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Altared State

We don’t need to wait to be chosen as a sandek to experience being a Mizbeiach


As I write these lines, I’m still wearing the suit and tie I put on early this morning in preparation to serve as sandek at a grandson’s bris.

The story is told of the great Rav Ephraim Zalman Margolios, author of Sh’eilos u’Teshuvos Beis Ephraim, who received a request from Rabi Akiva Eiger to take his place and preside over a simchas tena’im in Brod, where Reb Ephraim Zalman lived — Rabi Akiva Eiger was unable to travel from Posen, where he was rav. Reb Ephraim Zalman happily responded in the affirmative, and when the day came, he made his way to the hall where the tena’im was to take place and saw to it that all was done according to halachah.

But even once the writing and signing of the tena’im was complete, the Beis Ephraim didn’t rush out. Instead, he lingered on until it was all over. Surely an adam gadol like him had other things to do, and his continuing presence piqued the interest of one of the guests.

When asked to explain, Reb Ephraim Zalman said, “I’m here as the personally appointed representative of Rabi Akiva Eiger himself. But the moment I leave this hall, I lose that rare status — so don’t you think I’d want to squeeze every moment I possibly can out of the opportunity?”

The Rema, based on midrashim, compares the sandek at a bris to the inner, golden Mizbeiach upon which the Ketores incense was offered twice daily. The mohel is the analogue of the Kohein who places the Ketores on the Mizbeiach for it to emit its holy fragrance. And it is the sandek’s knees that constitute the Mizbeiach itself. Indeed, the sandek’s power to bestow brachos on the day of the bris may stem from the fact that building the Mizbeiach similarly brings blessing (see Chochmas Shlomo, Hashmatos, Yoreh Dei’ah 265:11).

This morning, when the mohel had completed the actual bris, I handed over my grandson, this newly minted Jew, to be held as he was given his name. But then I hesitated. I didn’t want to leave the chair on which I had sat holding the rach hanimol during his entry into Avraham Avinu’s covenant. I, too, wanted to linger on, maximizing the rare opportunity to be nothing less than the Mizbeiach itself, for my physical body to embody the very instrument of intimacy with Hashem that stood in the inner sanctum of the Beis Hamikdash.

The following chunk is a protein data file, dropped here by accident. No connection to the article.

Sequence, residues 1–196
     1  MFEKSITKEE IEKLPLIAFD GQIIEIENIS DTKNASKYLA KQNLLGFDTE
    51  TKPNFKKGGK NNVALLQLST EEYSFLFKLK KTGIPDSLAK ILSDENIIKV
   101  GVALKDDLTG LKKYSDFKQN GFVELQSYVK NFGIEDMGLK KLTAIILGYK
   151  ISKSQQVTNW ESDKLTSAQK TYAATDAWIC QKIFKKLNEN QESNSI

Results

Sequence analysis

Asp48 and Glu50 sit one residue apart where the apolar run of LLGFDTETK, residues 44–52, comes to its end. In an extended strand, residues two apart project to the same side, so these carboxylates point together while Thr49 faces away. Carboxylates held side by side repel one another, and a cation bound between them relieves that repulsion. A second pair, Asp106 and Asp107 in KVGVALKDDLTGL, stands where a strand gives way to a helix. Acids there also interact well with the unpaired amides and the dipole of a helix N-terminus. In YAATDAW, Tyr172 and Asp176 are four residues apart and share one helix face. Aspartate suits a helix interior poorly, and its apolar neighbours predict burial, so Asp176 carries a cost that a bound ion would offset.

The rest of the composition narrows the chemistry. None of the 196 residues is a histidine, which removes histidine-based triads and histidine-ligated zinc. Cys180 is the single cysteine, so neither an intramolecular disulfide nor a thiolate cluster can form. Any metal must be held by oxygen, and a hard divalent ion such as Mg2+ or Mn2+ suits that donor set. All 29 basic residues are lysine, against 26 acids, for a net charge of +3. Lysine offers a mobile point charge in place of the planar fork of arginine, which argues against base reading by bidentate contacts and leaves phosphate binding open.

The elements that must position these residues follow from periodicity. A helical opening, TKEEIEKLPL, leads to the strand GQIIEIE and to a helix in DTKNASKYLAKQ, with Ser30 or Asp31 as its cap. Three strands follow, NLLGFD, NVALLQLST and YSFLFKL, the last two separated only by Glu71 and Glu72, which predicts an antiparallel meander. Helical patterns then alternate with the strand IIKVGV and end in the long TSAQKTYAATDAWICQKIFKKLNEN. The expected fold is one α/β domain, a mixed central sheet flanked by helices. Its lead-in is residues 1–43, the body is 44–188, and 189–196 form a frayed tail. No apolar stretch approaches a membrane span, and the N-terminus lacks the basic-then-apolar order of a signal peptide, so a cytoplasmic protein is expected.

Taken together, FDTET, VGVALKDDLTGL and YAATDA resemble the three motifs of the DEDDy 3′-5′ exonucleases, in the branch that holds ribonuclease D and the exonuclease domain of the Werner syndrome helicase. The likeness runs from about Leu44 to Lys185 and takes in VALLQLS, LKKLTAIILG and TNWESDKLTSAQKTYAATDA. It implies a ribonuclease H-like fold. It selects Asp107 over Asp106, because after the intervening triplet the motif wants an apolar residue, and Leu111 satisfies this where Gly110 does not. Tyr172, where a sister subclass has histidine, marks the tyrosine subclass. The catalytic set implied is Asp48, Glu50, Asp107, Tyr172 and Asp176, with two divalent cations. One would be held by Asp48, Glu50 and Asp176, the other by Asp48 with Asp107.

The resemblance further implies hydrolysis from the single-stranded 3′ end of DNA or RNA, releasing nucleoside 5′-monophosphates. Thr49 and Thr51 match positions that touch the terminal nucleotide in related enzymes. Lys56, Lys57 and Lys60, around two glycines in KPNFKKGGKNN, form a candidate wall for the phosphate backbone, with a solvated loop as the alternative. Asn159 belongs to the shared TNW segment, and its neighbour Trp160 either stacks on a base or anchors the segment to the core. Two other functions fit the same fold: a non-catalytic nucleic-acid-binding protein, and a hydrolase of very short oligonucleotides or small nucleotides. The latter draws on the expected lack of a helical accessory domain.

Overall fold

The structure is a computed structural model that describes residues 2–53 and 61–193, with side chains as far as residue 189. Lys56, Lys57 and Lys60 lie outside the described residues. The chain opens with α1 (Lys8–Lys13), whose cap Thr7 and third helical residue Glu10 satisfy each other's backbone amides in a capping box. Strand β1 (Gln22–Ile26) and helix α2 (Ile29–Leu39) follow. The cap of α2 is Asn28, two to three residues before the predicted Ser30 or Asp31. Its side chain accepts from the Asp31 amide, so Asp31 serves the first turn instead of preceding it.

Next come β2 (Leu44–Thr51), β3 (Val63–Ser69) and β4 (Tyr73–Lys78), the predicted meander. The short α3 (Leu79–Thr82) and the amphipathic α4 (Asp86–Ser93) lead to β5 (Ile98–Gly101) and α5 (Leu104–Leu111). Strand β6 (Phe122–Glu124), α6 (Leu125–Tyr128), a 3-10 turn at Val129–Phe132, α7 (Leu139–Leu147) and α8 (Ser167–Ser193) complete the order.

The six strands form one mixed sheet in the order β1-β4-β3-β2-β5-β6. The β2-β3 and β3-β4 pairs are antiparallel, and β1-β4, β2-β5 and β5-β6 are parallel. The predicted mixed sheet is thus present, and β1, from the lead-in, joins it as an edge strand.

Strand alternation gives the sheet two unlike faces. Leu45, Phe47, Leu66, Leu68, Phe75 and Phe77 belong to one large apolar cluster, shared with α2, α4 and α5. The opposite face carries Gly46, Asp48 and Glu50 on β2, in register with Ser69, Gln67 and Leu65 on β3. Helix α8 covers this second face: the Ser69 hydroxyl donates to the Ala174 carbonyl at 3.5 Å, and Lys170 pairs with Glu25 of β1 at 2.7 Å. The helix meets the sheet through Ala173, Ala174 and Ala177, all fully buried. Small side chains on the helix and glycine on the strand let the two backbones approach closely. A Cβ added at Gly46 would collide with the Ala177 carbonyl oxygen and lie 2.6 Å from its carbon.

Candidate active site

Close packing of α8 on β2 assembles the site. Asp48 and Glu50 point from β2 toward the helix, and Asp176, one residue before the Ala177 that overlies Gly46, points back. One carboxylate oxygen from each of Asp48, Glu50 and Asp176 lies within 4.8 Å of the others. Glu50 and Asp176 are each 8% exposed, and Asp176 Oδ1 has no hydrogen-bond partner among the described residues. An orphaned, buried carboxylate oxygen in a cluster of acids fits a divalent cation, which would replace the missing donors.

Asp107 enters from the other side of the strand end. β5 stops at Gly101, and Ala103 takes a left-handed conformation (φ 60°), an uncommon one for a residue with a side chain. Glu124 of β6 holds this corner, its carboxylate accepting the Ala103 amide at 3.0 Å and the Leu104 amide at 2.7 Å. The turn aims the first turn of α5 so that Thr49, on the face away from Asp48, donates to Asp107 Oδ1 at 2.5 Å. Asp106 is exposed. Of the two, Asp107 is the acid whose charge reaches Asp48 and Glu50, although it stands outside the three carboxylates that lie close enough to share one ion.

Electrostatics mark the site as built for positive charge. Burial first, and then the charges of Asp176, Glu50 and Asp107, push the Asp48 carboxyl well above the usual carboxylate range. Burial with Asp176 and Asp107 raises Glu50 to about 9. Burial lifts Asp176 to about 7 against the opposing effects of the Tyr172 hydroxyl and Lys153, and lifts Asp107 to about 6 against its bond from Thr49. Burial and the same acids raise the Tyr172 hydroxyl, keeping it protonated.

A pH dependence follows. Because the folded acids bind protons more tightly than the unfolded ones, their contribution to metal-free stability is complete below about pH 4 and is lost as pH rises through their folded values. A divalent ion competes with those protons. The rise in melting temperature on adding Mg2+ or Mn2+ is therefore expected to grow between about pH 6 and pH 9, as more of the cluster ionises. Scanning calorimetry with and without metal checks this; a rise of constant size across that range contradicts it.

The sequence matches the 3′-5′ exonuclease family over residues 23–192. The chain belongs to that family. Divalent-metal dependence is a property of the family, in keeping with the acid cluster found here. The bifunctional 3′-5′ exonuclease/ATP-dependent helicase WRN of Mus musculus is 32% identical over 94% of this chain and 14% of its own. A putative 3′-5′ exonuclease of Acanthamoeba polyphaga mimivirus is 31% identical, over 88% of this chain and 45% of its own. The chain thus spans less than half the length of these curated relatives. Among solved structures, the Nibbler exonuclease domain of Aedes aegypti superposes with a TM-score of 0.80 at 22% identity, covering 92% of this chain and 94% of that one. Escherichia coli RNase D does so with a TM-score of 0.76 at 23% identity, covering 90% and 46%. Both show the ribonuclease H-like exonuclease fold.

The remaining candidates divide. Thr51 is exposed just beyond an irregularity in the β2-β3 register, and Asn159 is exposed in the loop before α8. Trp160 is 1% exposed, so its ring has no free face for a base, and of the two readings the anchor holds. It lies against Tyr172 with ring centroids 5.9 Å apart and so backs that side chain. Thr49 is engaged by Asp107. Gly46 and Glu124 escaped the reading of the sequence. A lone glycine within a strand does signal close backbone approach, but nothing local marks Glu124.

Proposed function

But I quickly took stock and realized it would seem strange to see the zeideh still seated, enjoying the nice chair he’d been temporarily honored with occupying. I quickly took my leave of it — but the suit and tie I had donned as sandek would draw no such strange looks, and so here I am so many hours later still so attired (in halachah, in fact, the entire day of the bris constitutes a Yom Tov for the sandek).

IT OUGHT NOT TO SURPRISE that the Mizbeiach is the fitting site for a bris milah to take place, and that a person can turn into a Mizbeiach. The Gemara in Gittin (90b) states that when a man divorces his first wife, even the Mizbeiach sheds tears over what he has done. Apparently, altars are more “human” than we imagine, with feelings and tears, too.

But we don’t need to wait to be chosen as a sandek to experience being a Mizbeiach. Why, we can even be a Kodesh Hakodoshim. The Nefesh HaChayim (1:4) writes how the Jew comprises within himself every part of every precinct of the Beis Hamikdash — with the heart at his very center as the Holy of Holies — and how each of his actions, and even his thoughts, contribute to the building and beautification — or the very opposite — of this internal edifice.

Bilvavi mishkan evneh… u’v’mishkan mizbeiach asim. It’s not just a song to be sung around the campfire, but the human reality. Having just taken leave of a Yom Tov revolving around the defiling of the Beis Hamikdash and its eventual restoration and purification, it’s sobering to contemplate that our own personal batei mikdash are under sustained assault like never before.

The heathen hordes of Antiochus were just a precursor to the perhaps more subtle, but nonetheless ongoing, invasion of our Jewish homes and hearts, bringing a flood of deeply non-Jewish values and views in its wake. But the question lingers: Do we have the strength and courage of our ancestors to place our faith in the Almighty and be the few against the many?  —



Originally featured in Mishpacha, Issue 889. Eytan Kobre may be contacted directly at kobre@mishpacha.com

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